On Linux, ip (from the iproute2 package) behaves more predictably and gives easier-to-parse output than ifconfig/route.
pax is a replacement for tar and cpio, with a sane set of command-line options: -r to read from an archive, -w to write to an archive, -rw to do tree-to-tree copies. It also provides a -s option to allow you to perform substitutions on filenames before reading/writing a file from/to an archive. :-)
Edit: Mark Baker makes an interesting point (in comments) that I should clarify. pax makes pax archives (which are an extension of ustar, and can be unpacked by most tar programs) by default. But, with the -x option, it can be made to create cpio archives and ustar archives (these two are guaranteed by the standard). Some implementations, such as the BSD one, support creating even more types, such as old-style (pre-ustar) tar archives.
One might say that awk has been completely obsoleted by perl.
However, since I was using awk since before perl existed, I still use it; as for more serious scripts, I use python instead of perl.
atool: handling archives without headaches
- aunpack archive.tgz Unpacks all the files in the archive. If the author of the archive was so inconsiderate as to put multiple files in the archive’s root, the command automatically creates a directory and moves the files inside.
- aunpack -e archive1.tgz archive2.zip Unpacks each archive.
- apack archive.tar.bz2 *.txt Creates a new compressed archive containing all text files in the current working directory.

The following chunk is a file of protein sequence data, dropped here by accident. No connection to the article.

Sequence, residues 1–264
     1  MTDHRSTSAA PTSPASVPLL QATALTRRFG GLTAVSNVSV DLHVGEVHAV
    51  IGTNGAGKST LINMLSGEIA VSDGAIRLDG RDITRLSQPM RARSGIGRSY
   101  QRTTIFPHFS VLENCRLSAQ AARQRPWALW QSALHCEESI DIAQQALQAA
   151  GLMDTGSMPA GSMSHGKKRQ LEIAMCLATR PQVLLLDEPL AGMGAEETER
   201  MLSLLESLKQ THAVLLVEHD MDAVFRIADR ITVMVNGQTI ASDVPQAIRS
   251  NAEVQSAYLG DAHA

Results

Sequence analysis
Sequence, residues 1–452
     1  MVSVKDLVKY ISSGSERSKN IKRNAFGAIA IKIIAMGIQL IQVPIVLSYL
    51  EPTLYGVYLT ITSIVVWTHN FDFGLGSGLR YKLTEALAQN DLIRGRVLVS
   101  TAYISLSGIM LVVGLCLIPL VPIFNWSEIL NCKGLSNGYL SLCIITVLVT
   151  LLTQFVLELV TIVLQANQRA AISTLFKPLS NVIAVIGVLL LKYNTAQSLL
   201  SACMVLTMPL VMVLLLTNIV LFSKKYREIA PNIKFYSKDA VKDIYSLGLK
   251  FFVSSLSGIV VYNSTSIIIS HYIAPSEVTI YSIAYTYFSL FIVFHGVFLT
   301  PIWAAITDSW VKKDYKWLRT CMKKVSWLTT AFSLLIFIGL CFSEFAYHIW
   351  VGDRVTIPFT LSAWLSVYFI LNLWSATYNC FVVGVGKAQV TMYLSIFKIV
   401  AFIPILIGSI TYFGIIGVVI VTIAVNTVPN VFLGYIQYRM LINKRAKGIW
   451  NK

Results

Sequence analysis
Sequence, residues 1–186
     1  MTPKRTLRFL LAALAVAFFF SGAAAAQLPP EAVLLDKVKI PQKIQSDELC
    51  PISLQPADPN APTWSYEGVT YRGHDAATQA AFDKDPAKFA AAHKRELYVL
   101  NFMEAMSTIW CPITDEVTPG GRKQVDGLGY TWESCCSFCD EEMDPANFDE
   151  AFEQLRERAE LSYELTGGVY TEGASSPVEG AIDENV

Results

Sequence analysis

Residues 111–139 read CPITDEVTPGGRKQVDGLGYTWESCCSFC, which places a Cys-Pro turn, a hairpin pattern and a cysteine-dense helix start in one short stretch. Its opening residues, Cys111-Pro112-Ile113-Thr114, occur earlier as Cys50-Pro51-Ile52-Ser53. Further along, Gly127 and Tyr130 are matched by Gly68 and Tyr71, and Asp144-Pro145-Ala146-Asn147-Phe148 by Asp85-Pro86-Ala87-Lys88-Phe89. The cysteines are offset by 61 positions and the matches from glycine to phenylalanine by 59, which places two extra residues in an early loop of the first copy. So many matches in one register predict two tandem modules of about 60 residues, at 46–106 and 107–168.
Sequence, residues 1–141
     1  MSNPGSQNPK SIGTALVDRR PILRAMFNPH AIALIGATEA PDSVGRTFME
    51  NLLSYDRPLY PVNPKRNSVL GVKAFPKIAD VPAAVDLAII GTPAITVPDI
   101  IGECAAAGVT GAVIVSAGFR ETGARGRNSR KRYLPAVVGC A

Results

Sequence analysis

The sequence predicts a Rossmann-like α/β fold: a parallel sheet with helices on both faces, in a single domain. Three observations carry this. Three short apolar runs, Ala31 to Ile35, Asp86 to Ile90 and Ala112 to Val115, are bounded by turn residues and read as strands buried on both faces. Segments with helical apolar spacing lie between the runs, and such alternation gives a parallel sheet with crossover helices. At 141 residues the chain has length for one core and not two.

- als archive.rar Shows the names of the files contained in the archive.
dig is a better alternative to nslookup.
'rename' is a good alternative to the long oneliners one writes to change name to a bunch of files.
Not really a replacement for an outdated command per se, but screen is a great alternative to opening multiple terminal windows and/or using bg, etc.
If you're on a GNU system, don't use sed '1!G;h;$!d'; instead, use tac.
bm (link), instead of popd and pushd or creating temporary aliases, is really useful.
To add a directory to be called with tag
bm -a /path/to/a/dir tag
To go to this directory
Wherever glibc is installed, you can getent passwd foo instead of grep foo /etc/passwd (similarly for aliases ethers group hosts netgroup networks protocols rpc services shadow) -- it even Does The Right Thing(TM) in an NIS setup.
Why bother typing gzip -dc foo.tar.gz | tar xf - when tar xzf foo.tar.gz will spawn the decompressor for you?
Going even further... why bother typing tar xzf foo.tar.gz or tar xjf foo.tar.bz2 when GNUtar will automatically detect compression? tar xf foo.tar.(gz|bz2) just magically works.
I'm not sure if this should be an answer or merely an edit to the question.
Before using less as a tail replacement, you can search for something "/search_string" and THEN invoke the Follow command (shift-F). Now any "search_strings" that scroll by will be highlighted. This is useful for when you're scanning a bunch of program output or logs and are looking for a particular string or pattern.
Don't forget that you can use regular expressions, too!
cfdisk is an easy-to-use upgrade of the command-line drive partitioning utility fdisk.
ifconfig and iwconfig are deprecated in favor of ip which is a extremely powerful tool to show / manipulate routing, devices, policy routing and tunnels.
I really like locate as a substitute for find - much easier to use "locate filepattern" than "find / -name filepattern -print", and more efficient because it uses an index database.
You have to have the updatedb command run on a schedule to update the locate database; check your distro's man page for details.
echo might still only be used with trivial arguments otherwise, its behavior might be unpredictable. For all other purposes (control characters, new line suppression, formatting), it has been obsoleted by the much powerful and consistent printf command.
I find that wcalc is a nice replacement for bc
tmux over screen. tmux is so much easier to configure, it's not even funny.
The Perl Pie: perl -pi -e 's/foo/bar/' instead of sed 's/foo/bar/', with the much more powerful perlre syntax. (It's not quite a drop-in replacement, since Perl regexes use, for example, ? instead of \?.)